Why green-desking is so good for you

We’re all familiar with hot-desking. But green-desking?

The idea is simple: too much office time is bad for us. Nature is good for us.

To green-desk, you take your laptop to a park for an hour.

Many now have public wifi. Otherwise, use your smartphone as a wifi hotspot.

Green-desking. Working outside can be a productivity boost

You can also take the team for a walking meeting or brainstorm.

You work outdoors while the wind and trees do their thing.

You return to the office refreshed and more productive.

A fad? No – there’s solid research behind the idea.

The term was coined by The Nature Conservancy (TNC) in a bid to get more people into the great outdoors.

TNC manager Amy Hirst says their campaign in April led more than 100 workplaces to start green-desking.

“Everyone knows they feel better when they spend time in nature, but we’re spending more time in offices, cars and homes and we’re disconnecting,” she says.

“When you take your work outside, you think differently and behave differently. It’s a natural lift.”

Four reasons why green-desking may be the easy productivity boost you’ve been looking for:

Improved mental and physical health

Everyone knows that moving around during the day is good for us, mentally and physically.

But offices and workplaces tend to keep us in one spot. There’s always another task to do.

Amy Hirst says many of us would love to get outside more during work – but feel guilty doing so.

“We feel we have to be physically at our desks, when technology means we don’t have to any more,” she says.

“People love green-desking as a reason to get outside and come back with a different approach than if they’d stayed at their desks.”

By heading outside purposefully with your laptop or team, you get light exercise.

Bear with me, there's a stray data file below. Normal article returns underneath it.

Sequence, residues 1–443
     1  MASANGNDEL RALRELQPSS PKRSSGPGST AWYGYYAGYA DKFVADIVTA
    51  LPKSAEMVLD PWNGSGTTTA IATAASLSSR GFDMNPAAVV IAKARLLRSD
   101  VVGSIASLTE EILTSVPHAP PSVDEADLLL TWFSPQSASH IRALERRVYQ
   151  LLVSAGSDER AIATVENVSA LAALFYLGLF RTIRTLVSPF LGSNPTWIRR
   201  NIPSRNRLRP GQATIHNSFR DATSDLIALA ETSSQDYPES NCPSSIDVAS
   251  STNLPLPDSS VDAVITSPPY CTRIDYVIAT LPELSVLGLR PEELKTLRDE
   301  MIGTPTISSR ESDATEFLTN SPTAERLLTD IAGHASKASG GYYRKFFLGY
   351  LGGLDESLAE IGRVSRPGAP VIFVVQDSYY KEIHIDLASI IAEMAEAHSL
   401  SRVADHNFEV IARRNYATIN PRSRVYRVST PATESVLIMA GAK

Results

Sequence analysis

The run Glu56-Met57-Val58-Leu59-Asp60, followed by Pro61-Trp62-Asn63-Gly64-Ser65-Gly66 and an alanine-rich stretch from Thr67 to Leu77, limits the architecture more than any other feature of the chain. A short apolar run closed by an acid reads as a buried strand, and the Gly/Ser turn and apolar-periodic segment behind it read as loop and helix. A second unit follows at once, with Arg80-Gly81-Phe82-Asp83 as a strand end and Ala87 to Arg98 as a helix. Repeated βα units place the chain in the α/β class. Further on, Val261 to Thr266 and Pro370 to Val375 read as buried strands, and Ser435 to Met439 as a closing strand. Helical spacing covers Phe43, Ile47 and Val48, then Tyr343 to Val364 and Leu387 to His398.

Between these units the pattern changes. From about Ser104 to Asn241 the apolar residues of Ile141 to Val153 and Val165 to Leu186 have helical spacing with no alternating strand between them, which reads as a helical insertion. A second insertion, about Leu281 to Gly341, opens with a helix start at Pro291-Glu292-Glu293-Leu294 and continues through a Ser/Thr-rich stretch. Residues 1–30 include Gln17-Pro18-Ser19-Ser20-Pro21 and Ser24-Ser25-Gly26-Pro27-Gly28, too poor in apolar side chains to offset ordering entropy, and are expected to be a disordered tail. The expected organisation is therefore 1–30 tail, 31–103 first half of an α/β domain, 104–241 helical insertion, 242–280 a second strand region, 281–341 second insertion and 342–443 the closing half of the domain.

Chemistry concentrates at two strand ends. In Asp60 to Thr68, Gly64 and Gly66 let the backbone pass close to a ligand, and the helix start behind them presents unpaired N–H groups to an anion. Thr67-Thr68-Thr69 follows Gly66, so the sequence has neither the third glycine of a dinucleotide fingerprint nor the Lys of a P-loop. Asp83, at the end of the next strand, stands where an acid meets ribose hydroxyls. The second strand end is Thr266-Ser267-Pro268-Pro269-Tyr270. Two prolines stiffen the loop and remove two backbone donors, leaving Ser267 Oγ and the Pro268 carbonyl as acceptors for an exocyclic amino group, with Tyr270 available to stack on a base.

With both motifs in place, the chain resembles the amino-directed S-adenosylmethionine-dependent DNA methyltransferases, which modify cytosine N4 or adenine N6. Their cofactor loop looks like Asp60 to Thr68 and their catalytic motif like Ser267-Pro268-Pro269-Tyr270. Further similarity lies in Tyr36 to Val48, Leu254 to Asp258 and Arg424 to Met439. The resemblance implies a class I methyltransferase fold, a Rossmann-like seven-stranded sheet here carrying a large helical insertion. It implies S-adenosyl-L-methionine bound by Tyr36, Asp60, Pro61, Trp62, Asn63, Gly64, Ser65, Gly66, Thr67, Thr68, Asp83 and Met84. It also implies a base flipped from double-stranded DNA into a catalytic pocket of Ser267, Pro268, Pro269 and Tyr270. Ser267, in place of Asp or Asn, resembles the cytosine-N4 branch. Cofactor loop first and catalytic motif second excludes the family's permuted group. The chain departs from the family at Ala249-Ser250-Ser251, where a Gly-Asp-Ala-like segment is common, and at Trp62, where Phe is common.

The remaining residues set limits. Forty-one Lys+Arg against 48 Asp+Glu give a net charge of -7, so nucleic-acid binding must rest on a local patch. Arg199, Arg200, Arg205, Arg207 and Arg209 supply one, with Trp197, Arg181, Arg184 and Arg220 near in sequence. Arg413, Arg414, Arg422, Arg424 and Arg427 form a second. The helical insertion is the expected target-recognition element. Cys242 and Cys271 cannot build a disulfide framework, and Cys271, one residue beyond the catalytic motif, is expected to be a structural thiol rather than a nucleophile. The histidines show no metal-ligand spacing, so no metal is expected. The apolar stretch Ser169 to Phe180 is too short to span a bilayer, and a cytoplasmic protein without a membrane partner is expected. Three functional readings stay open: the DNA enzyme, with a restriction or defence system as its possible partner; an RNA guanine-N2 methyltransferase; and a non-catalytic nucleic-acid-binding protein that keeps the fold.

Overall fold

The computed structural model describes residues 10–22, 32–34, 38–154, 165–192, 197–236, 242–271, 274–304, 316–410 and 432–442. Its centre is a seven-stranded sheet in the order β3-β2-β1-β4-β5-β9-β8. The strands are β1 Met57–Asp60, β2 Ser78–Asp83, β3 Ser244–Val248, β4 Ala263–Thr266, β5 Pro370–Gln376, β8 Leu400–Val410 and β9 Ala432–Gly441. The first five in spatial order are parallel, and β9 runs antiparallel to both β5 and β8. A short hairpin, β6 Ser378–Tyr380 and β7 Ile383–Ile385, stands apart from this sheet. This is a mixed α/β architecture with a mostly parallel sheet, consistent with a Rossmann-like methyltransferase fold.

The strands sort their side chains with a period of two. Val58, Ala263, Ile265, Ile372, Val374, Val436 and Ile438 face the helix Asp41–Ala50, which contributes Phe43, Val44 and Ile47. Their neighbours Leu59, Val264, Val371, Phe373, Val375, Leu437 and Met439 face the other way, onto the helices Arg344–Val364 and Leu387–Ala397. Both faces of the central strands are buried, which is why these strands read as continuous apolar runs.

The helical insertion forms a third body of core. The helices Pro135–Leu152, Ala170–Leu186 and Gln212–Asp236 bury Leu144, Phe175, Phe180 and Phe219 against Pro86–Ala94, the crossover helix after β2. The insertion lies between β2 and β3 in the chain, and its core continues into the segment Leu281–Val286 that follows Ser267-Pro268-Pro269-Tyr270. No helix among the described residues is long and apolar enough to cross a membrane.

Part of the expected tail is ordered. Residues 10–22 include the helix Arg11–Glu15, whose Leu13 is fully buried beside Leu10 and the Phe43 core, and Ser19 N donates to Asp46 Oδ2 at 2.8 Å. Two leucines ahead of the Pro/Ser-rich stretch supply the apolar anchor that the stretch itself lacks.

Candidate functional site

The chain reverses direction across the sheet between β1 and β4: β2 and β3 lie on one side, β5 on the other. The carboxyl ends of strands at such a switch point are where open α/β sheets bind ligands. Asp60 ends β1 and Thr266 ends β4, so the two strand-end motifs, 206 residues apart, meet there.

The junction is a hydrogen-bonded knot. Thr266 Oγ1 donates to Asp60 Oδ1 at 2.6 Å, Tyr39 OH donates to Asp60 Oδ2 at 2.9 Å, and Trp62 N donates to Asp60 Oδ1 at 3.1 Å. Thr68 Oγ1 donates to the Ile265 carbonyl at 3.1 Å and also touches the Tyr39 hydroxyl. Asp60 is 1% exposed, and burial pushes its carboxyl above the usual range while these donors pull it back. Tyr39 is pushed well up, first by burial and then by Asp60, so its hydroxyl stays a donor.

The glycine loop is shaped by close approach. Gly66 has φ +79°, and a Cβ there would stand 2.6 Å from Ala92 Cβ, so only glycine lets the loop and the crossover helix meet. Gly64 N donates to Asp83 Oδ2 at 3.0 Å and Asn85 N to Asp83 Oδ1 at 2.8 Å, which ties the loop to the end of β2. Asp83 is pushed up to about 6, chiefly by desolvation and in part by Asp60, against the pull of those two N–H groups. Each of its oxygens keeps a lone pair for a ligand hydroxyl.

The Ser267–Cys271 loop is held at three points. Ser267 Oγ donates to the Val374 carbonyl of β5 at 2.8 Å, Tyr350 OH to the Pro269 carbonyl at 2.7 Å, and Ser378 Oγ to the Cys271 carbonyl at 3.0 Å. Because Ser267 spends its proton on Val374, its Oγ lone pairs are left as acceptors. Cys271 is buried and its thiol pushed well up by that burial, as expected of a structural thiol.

And simply sitting in nature has been repeatedly proven to relieve anxiety, depression and general sickness.


Boosted productivity

We weren’t designed to be inside all day.

Researchers have found that walks in nature boost working memory – and much more so than walks in the urban jungle.

Finding park space in the city

Not only that – nature is a proven way of tackling brain fog and mental fatigue.

It also boosts concentration.

Rather than downing your fifth cup of coffee, try applying greenery to the problem.


Reduced stress

If you can see trees out your office window, you will be less stressed than someone in a wholly artificial environment.

The effect on stress is even more powerful when you’re actually out there.

Studies have shown a decrease in heart rate and cortisol when people go from city to nature.

And an urban park works just fine.


Better ideas and creativity

Stuck in a rut? Staring at the screen, waiting for inspiration?

The problem might not be you, but where you are.

We need stimulation to come up with new ideas. Getting outside gives you a fresh perspective.

Einstein famously went for long walks in nature when he was stuck. So did Beethoven.

Australian cities are dotted with parks. Chances are there’s one near you.